George Stevens

George Stevens (December 18, 1904 – March 8, 1975) was an American film director, producer, screenwriter and cinematographer. Among his most notable films were Diary of Anne Frank (1959), nominated for Best Director, Giant (1956), winner of Oscar for Best Director, Shane (1953), Oscar nominated, and A Place in the Sun (1951), winner of Oscar for Best Director. He was born in Oakland, California, and his family included his father Landers Stevens and his mother Georgie Cooper, both stage actors. His uncle was drama critic Ashton Stevens. He also had two brothers, Jack and writer Aston Stevens. He learned about the stage from his parents and worked and toured with them, on his way to filmmaking. He broke into the movie business as a cameraman, working on many Laurel and Hardy short films, such as Night Owls (1930). His first feature film was The Cohens and Kellys in Trouble in 1933. In 1934 he got his first directing job, the slapstick Kentucky Kernels. His big break came when he directed Katharine Hepburn in Alice Adams in 1935. He went on in the late 1930s to direct several Ginger Rogers and Fred Astaire movies, not only with the two actors together, but on their own.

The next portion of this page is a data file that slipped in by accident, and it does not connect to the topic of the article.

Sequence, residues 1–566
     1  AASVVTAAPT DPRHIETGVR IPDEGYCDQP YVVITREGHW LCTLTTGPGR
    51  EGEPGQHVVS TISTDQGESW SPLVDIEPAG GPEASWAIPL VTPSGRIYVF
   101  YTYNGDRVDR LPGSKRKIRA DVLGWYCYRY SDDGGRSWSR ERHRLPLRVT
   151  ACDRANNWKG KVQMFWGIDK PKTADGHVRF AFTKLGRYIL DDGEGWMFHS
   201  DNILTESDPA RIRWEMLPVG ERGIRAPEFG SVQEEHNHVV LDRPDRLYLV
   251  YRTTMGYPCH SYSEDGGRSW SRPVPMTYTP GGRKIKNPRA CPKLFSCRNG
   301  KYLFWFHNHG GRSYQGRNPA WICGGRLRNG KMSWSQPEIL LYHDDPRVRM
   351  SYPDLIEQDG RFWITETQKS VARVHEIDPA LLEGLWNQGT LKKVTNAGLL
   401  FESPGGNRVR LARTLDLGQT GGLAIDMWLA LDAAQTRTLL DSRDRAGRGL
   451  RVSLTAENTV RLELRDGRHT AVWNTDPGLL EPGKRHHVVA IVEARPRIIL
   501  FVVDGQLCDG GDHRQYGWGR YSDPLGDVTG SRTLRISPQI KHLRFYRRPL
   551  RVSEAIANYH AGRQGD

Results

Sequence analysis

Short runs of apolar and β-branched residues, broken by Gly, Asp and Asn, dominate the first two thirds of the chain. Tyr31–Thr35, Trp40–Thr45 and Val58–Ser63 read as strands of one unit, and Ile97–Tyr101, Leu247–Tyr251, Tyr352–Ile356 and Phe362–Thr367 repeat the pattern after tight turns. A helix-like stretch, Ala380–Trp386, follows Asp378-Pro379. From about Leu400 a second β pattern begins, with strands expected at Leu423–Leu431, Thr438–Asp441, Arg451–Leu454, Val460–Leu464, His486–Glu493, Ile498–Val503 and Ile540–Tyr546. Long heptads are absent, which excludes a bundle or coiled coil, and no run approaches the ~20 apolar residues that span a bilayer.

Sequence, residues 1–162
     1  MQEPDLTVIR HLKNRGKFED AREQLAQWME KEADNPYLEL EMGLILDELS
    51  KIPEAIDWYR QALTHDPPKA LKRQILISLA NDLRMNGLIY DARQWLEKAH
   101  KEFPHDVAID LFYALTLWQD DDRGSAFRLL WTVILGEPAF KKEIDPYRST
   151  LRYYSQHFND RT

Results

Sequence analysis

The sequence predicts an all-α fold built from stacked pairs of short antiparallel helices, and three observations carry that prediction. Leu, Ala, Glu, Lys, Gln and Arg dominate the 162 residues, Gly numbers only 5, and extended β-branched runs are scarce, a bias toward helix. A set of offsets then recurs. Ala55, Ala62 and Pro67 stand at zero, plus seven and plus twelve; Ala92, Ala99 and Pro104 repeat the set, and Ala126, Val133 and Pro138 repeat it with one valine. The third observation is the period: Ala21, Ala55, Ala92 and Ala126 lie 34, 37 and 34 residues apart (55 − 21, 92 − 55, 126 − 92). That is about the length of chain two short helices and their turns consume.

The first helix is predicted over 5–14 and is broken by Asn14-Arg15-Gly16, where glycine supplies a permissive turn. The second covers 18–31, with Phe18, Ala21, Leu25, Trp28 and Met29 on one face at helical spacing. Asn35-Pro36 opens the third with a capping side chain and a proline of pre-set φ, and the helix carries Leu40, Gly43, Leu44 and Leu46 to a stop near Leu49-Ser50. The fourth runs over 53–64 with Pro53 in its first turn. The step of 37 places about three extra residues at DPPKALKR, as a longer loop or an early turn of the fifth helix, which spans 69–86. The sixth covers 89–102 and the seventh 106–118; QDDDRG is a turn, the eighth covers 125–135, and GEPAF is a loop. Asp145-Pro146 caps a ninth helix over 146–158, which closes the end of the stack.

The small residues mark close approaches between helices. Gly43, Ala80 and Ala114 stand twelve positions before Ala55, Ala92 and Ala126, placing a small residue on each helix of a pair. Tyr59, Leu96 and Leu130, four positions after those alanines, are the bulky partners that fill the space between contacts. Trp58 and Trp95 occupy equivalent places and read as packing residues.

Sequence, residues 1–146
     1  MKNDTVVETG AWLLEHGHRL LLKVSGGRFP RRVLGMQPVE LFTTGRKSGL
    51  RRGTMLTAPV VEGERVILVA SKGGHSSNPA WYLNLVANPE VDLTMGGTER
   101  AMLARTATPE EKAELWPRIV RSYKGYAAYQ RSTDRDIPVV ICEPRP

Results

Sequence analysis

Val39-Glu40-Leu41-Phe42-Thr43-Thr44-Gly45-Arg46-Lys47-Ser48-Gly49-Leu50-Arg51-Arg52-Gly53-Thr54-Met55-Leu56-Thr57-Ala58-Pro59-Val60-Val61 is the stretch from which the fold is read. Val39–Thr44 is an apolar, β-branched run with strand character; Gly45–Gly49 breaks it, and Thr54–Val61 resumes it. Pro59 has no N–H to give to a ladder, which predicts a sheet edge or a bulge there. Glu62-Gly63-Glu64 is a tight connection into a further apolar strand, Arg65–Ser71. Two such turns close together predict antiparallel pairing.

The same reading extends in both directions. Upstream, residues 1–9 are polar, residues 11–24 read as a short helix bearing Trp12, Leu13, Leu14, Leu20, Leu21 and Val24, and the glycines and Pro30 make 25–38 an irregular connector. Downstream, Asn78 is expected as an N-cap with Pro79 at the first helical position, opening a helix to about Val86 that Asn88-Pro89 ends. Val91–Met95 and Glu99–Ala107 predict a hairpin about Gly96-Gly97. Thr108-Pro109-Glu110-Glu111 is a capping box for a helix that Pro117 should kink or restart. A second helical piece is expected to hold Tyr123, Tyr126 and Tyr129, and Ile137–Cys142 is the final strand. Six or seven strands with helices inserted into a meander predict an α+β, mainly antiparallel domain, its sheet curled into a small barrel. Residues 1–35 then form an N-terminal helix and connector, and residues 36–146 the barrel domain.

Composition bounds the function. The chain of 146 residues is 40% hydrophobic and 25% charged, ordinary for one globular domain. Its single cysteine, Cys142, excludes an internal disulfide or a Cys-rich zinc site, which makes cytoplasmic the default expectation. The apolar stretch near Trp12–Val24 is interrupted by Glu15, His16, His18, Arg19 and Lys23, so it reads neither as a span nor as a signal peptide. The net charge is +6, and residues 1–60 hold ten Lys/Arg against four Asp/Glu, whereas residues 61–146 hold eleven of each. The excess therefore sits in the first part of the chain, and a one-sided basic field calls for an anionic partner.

Cinematographer

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